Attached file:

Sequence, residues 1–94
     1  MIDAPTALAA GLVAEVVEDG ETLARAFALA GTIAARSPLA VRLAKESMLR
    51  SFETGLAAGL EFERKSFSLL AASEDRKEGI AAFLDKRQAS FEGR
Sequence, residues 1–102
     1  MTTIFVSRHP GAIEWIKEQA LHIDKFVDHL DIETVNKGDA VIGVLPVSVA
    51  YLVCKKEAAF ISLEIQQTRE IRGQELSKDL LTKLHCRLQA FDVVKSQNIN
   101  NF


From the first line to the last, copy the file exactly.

Sequence, residues 1–94
     1  MIDAPTALAA GLVAEVVEDG ETLARAFALA GTIAARSPLA VRLAKESMLR
    51  SFETGLAAGL EFERKSFSLL AASEDRKEGI AAFLDKRQAS FEGR
Sequence, residues 1–102
     1  MTTIFVSRHP GAIEWIKEQA LHIDKFVDHL DIETVNKGDA VIGVLPVSVA
    51  YLVCKKEAAF ISLEIQQTRE IRGQELSKDL LTKLHCRLQA FDVVKSQNIN
   101  NF